• A child talking about an upcoming family holiday that they are worried about, fears that they will be taken out of education and kept abroad;
  • Evidence of self-harm, treatment for depression, attempted suicide, social isolation, eating disorders or substance abuse;
  • Evidence of family disputes/conflict or domestic abuse (For more information see Safeguarding Children at Risk because of Domestic Abuse Procedure);
  • A child always being accompanied including to school and doctors' appointments;
  • A child directly disclosing that they are worried s/he will be forced to marry;
  • Contradictions in the child's account of events.

See also the Multi-agency Practice Guidelines on Forced Marriage Chart of Potential Warning Signs or Indicators.


4. Legal Position

Anyone threatened with forced marriage or forced to marry against their will can apply for Forced Marriage Protection Order. Third parties, such as relatives, friends, voluntary workers and police officers, can also apply for a protection order with the leave of the court. Fifteen county courts deal with applications and make orders to prevent forced marriages. Local authorities can  seek a protection order for Adults at Risk and children without leave of the court. Guidance published by the Ministry of Justice explains how local authorities can apply for protection orders and provides information for other agencies. (This is available at the Justice website.)

The Anti-social Behaviour, Crime and Policing Act 2014 made it a criminal offence, with effect from 16 June 2014, to force someone to marry. This includes:

  • Taking someone overseas to force them to marry (whether or not the forced marriage takes place);
  • Marrying someone who lacks the mental Capacity to consent to the marriage (whether they're pressured to or not).

Breaching a Forced Marriage Protection Order is also now a criminal offence. The civil remedy of obtaining a Forced Marriage Protection Order through the family courts, as set out above,  continues to exist alongside the criminal offence, so victims can choose how they wish to be assisted.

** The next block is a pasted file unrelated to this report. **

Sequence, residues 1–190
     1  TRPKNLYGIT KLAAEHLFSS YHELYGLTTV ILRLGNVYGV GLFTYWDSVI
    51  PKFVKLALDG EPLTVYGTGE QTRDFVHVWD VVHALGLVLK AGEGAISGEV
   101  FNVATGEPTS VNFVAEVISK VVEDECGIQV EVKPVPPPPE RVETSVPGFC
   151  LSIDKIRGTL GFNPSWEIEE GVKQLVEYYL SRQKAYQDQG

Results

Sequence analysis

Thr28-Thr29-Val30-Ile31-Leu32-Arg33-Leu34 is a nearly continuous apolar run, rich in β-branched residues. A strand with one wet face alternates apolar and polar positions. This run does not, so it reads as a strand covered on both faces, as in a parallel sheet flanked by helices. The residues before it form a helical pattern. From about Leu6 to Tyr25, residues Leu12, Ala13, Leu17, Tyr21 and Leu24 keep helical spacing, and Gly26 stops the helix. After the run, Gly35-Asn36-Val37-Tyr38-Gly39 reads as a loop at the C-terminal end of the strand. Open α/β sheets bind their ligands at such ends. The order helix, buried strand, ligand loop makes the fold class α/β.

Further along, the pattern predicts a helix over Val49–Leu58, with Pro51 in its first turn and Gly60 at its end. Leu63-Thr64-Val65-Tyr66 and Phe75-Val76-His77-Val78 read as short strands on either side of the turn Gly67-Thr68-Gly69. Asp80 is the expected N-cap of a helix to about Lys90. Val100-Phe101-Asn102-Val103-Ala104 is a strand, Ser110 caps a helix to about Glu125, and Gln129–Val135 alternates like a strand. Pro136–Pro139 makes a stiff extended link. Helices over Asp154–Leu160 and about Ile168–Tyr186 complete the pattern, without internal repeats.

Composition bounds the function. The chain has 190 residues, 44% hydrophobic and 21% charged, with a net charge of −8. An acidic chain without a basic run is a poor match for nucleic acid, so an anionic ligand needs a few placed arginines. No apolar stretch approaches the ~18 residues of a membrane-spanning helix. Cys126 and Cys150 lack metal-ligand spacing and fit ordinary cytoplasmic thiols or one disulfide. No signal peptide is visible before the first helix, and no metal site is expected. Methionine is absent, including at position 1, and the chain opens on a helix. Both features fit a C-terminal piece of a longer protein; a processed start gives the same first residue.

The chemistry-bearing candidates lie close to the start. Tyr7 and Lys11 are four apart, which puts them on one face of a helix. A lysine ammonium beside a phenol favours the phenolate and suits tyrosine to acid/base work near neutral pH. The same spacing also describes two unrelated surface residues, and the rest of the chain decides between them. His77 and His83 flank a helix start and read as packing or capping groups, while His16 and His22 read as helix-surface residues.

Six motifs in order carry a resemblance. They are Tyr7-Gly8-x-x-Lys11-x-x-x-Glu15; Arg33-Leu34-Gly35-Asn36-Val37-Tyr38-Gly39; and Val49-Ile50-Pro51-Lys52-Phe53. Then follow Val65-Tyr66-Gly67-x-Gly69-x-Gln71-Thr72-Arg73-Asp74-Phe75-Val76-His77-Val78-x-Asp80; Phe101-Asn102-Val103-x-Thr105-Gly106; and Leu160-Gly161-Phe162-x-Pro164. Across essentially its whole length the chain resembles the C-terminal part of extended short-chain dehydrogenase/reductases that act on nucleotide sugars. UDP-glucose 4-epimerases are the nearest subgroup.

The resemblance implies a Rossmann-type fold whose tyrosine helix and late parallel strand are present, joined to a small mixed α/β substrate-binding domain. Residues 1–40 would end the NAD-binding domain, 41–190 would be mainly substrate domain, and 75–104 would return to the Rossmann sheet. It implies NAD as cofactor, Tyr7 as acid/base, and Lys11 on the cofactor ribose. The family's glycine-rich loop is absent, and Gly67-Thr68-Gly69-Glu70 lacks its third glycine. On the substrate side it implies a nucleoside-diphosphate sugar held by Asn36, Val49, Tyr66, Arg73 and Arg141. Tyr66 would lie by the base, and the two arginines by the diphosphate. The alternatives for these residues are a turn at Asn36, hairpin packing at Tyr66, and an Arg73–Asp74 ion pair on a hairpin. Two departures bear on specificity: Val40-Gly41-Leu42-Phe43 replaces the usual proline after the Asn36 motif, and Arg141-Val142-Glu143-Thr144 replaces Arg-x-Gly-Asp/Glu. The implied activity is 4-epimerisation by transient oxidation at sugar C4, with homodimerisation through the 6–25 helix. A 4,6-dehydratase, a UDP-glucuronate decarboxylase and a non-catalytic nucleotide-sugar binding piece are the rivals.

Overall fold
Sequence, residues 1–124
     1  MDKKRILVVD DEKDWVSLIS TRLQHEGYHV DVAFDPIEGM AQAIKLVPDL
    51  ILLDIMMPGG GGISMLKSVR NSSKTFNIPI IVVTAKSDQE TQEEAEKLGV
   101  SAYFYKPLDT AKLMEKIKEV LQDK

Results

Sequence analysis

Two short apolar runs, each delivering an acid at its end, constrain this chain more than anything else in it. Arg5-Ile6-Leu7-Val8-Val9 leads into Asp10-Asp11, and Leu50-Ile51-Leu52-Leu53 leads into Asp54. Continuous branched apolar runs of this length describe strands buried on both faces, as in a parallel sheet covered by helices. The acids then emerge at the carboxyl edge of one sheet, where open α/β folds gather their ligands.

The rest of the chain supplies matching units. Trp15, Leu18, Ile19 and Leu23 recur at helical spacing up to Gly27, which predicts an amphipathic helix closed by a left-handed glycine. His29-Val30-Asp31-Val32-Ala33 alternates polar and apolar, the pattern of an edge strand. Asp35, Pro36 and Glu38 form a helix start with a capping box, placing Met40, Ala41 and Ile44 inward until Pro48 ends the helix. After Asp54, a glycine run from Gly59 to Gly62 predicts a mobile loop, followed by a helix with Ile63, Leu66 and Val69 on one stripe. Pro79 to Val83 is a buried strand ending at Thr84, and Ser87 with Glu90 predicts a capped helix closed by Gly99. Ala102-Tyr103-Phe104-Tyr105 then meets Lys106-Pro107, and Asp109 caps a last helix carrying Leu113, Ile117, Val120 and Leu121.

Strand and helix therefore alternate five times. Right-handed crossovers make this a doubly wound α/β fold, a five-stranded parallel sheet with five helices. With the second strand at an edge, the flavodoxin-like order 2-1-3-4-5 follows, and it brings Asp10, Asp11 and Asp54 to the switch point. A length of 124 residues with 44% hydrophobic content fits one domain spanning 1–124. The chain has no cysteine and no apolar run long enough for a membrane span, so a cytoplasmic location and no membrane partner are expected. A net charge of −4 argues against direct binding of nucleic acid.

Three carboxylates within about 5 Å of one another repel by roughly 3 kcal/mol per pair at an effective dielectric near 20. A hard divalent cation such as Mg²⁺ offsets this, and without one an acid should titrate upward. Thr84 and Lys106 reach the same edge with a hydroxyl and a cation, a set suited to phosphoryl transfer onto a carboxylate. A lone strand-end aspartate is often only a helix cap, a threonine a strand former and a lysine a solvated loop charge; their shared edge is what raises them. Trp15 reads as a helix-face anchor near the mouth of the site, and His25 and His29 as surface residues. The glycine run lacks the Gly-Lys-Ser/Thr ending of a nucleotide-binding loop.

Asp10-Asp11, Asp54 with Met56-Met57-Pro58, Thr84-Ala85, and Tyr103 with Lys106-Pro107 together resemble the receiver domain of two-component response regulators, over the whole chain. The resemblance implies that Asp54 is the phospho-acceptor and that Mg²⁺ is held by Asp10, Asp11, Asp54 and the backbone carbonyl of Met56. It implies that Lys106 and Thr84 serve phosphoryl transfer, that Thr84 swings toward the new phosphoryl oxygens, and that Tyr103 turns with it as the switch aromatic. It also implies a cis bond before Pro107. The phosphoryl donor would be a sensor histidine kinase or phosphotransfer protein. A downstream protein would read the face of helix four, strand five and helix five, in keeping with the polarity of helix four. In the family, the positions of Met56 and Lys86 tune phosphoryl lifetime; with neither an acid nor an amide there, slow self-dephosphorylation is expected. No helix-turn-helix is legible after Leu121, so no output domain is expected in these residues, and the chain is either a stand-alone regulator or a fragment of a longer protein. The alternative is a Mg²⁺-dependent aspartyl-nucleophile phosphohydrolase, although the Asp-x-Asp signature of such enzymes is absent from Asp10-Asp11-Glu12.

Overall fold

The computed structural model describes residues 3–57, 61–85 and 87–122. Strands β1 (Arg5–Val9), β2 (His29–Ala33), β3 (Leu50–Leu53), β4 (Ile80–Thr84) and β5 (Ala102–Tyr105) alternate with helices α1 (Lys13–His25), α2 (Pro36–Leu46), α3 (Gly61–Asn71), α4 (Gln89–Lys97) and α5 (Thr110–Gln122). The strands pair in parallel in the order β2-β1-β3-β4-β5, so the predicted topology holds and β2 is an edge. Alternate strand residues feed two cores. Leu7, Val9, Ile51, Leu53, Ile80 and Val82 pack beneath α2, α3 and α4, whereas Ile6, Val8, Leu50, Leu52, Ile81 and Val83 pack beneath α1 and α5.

Forcing someone to marry can result in a sentence of up to 7 years in prison.

Disobeying a Forced Marriage Protection Order can result in a sentence of up to 5 years in prison.


5. Protection and Action to be Taken

Where the concerns about the welfare and safety of the child or young person are such that a referral to Children’s social care should be made the Referring Safeguarding Concerns about Children Procedure must be followed.

Practitioners should always consider the need for immediate protection, as disclosure of the forced marriage may be the direct consequence of the impending event. Children's social care will liaise with the police to ensure the safety of the victim and any other family members.

Strategy Discussion/Meeting will be needed to deal with this issue; Police, Housing Services, Children's Social Care, Health and voluntary organisations must work together to address the young person's need for information, protection, financial support, accommodation and emotional support. Legal advice will be needed to inform the Strategy Discussion as legal action may be necessary. For more information see Strategy Discussions / Meetings Procedure.

Any child considered to be at risk of a forced marriage will be considered a Child in Need and assessed accordingly. Where the child is considered to be at risk of Significant Harm and an Initial Child Protection Conference is convened, great care must be taken to manage information about the whereabouts of the young person. The social worker and manager must discuss the arrangements with the Conference Chair and consider whether the family should be present or not, or at the same time as the young person, as threats may be made. An interpreter fully independent of the family should be present at all times. For more information see Working with Interpreters and Others with Special Communication Skills Procedure.


6. Issues

Allegations of plans and arrangements to force a child to marry will inevitably be divisive for the family and possibly the wider community. Therefore attempts to discuss this with the family could potentially place a child at greater risk.

Children may require support from workers of the same gender and if possible the same cultural background. Where interpreters and translators are used, care must be taken to ensure that they have no connections with the immediate community of the child.

A child arriving in this country for the purposes of a forced marriage or one who has recently married abroad may be extremely isolated and feel threatened and abused. The legal right to remain may be in question and the consequences of returning home may also be very serious.

Professionals should not:

  • Underestimate the potential risk of harm;
  • Speak to the child on the telephone (to ascertain if they are being held against their will) - the family may be present or it may be a different person speaking on the telephone;
  • Approach or inform the child's family, friends or members of the community that the victim has sought help as this is likely to increase the risk to the victim significantly;
  • Share information outside child protection information-sharing protocols without the express consent of the child;
  • Attempt to be a mediator. This has in the past resulted in the victim being removed from the country and not traced /or murdered.

End